3. User test: Get real-time, in-person feedback to see what is and isn’t working based on your site objectives and goals. For example, the world’s best keywords, product descriptions, and page colors are great, but ultimately meaningless if people can’t find your “Buy Now” button. Simple user tests quickly and effectively pinpoint stumbling points to optimize.
  4. Selection: Once the importance and potential of each page is established, evaluate selected pages for testing. Formulate an A|B and multivariate testing strategy for the problematic page(s) on your website and share it with your team to begin executing. (Hint: this is where Optimizely can help you get started.)

Conversion rate optimization (CRO)

Much like overall site optimization, CRO is a continuous process of improving the key sections, pages, and flow(s) on your website, only laser-focused on pages and elements specific to conversion. This drives visitors closer to the conversion path by eliminating unnecessary steps or roadblocks in the buyer journey that might deviate or distract them.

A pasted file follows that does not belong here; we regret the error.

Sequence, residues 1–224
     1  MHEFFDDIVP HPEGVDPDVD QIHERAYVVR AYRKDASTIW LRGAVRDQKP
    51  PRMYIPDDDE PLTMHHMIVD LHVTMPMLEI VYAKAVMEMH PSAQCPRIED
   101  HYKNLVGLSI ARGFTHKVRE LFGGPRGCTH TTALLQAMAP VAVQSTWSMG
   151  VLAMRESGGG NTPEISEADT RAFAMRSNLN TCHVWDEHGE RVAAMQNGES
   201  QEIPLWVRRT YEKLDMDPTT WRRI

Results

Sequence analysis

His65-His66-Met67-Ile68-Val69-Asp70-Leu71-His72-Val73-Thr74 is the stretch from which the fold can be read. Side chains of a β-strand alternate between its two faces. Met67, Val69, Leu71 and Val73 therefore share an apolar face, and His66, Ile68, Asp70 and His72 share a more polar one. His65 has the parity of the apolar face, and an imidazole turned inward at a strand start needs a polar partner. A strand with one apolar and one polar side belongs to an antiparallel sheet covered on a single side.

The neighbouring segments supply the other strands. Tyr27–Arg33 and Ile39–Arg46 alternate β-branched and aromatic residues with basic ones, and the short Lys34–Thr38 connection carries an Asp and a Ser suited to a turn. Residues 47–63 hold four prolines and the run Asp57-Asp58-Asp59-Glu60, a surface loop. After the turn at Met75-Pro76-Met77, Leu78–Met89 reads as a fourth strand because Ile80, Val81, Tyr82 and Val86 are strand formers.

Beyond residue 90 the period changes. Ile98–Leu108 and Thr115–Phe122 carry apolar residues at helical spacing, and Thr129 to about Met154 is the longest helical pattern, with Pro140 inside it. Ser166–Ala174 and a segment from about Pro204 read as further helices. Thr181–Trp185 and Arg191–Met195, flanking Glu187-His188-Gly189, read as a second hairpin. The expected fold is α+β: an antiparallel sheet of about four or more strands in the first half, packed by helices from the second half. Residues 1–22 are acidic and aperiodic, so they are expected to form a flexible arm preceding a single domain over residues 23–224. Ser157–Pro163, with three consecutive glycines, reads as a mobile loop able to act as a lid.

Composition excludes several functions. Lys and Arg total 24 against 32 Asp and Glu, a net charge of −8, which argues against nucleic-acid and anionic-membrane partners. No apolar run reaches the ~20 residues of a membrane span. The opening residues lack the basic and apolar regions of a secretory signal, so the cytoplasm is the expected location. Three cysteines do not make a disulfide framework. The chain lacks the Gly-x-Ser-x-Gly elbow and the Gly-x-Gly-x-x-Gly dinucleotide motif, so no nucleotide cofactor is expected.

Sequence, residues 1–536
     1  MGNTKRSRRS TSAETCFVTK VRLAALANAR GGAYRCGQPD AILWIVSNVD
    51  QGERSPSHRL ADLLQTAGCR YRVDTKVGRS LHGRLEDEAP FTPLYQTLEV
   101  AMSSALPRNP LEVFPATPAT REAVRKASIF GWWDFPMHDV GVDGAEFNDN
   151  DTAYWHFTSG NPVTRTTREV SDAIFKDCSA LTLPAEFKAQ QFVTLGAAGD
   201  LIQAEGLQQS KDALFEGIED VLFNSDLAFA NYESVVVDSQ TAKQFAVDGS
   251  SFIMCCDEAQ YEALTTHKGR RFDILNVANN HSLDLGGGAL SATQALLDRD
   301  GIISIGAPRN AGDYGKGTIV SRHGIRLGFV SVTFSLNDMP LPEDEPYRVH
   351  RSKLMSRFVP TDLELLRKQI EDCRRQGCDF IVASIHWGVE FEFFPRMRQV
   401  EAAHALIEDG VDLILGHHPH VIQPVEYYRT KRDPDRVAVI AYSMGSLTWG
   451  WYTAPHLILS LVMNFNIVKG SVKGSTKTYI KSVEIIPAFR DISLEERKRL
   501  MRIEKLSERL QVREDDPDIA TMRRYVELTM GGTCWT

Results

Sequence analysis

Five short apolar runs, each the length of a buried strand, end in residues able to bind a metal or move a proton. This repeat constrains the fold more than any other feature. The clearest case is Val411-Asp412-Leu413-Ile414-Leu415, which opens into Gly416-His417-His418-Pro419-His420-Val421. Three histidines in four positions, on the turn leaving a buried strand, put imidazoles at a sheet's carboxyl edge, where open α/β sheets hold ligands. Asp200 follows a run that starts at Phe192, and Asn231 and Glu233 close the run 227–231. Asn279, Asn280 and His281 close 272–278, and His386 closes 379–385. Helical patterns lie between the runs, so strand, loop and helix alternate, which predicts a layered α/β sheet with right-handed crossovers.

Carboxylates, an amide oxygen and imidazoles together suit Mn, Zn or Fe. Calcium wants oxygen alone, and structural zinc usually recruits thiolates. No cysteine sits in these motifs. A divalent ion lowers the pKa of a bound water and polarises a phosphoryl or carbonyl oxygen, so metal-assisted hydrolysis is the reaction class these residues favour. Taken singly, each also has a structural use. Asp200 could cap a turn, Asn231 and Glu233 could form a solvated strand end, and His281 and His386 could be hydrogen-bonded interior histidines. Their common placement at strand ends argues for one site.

It is necessary to do a full website audit, from a usability perspective, for online businesses to kick off a CRO initiative. Additionally, it’s important to evaluate the various sources of traffic to determine how to expedite conversion. Then, after an assessment of conversion goals, conduct the following steps:

  • Site architecture audit: Focus on the information architecture, site taxonomy, and the various conversion funnels on the website. Competitive analysis could be helpful here.
  • Conversion audit: View your site’s web analytics tool, heat maps, and online survey tools. Also look at the performance of ongoing A|B or multivariate campaigns on your website.
  • Audit report: Lastly, use your findings to create a testing and optimization strategy that focuses on optimizing pages and funnels on your website.

Seems like a lot to remember? Never fear. You don’t have to do it alone. There are tools to help move this process along, and they’re WELL worth checking out, especially considering:

The average ROI when using a conversion optimization tool is 223.7%.